The OVM 2.0 upgrade as it is known in the Optimism community, mainly focuses on decentralizing the sequencer. As a first step in achieving this, the team describes the rotation of the sole sequencer. Although the mechanics behind this are not yet fully designed, the two components involved are said to be, an economic mechanism to create a competitive market for sequencing, and a governance mechanism preventing sequencers from prioritizing short-term profits over the network’s health. Later the sequencer will be split into multiple sequencers by adopting a standard BFT consensus protocol.

How to use Optimism

Optimism can be used in the deployment of smart contracts just like Ethereum. Users wishing to interact with the Optimism network need to have a wallet Optimism supports such as MetaMask. Currently, MetaMask requires a manual connection to new Ethereum-based networks before allowing its users to interact with them. Just like Ethereum, Optimism has its own testnet called Kovan. The Optimism testnet requires transaction fees when deploying smart contracts, which are paid in ETH. Developers can use the Paradigm Multifaucet to get ETH for various testnets, including the Optimism Kovan testnet.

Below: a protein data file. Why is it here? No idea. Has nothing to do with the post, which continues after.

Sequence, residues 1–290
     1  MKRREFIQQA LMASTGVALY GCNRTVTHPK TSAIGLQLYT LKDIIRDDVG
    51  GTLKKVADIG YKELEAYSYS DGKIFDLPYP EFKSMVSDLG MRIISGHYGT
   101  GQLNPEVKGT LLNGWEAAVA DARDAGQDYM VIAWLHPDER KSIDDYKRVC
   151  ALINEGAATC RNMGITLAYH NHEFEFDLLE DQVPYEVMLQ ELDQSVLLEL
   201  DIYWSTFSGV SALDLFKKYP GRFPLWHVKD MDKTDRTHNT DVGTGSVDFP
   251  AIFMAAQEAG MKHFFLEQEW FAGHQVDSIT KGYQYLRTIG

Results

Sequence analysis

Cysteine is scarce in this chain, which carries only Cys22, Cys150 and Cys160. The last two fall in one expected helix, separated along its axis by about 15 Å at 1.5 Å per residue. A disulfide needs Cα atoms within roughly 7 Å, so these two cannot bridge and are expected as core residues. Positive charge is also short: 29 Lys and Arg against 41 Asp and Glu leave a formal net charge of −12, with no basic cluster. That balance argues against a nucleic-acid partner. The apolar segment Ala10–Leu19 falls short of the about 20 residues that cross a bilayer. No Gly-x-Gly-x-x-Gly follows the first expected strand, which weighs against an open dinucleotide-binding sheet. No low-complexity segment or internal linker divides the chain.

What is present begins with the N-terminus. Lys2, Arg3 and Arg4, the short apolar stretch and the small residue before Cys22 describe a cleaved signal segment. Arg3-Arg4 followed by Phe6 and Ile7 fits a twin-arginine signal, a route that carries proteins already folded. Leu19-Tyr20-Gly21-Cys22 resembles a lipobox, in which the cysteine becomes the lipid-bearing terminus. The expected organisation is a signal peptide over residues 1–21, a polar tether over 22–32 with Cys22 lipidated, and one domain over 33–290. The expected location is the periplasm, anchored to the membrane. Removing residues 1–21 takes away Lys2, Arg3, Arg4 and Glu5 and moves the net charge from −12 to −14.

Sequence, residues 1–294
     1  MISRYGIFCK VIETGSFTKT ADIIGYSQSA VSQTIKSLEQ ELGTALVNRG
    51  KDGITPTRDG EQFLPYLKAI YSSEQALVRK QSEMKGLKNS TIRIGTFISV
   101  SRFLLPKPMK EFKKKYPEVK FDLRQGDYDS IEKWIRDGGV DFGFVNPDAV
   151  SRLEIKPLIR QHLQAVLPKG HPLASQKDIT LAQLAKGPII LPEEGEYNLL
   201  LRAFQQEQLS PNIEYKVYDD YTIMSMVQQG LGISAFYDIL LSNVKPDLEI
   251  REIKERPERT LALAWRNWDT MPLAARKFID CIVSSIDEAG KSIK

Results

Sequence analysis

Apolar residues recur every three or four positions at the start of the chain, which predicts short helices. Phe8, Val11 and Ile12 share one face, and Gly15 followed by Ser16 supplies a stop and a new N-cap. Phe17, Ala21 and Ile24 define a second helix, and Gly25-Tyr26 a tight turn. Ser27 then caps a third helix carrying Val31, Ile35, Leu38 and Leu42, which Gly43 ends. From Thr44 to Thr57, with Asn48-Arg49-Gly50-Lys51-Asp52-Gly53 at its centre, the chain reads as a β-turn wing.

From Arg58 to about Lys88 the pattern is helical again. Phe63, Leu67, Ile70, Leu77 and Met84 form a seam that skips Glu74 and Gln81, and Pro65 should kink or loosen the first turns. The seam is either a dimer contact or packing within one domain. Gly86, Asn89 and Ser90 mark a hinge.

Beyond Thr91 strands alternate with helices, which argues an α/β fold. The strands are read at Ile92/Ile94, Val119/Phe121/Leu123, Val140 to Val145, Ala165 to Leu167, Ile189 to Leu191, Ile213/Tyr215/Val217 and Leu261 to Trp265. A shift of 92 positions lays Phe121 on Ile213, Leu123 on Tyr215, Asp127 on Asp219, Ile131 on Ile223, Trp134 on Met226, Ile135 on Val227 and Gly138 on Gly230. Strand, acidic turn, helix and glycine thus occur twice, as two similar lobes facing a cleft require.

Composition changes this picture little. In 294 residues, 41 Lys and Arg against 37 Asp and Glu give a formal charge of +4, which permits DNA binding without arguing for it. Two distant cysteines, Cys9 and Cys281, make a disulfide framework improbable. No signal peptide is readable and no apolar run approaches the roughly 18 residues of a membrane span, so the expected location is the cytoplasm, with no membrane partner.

The OVM supports well-known development environments such as Hardhat, Brownie, and Truffle; details on their configuration can be found on the Optimism documentation webpage. 

Optimism fees consist of two parts – the L2 execution fee and the L1 data, or security, fee. The Optimism L2 execution fee is similar to Ethereum’s gas fees, it is required by the virtual machine in exchange for the computation and storage provided to users. With the latest update of the OVM, the current fees Optimism charges for L2 execution, fluctuate with time and congestion and can always be checked on the public Optimism dashboard, but transactions typically use the same amount of gas as they would on Ethereum.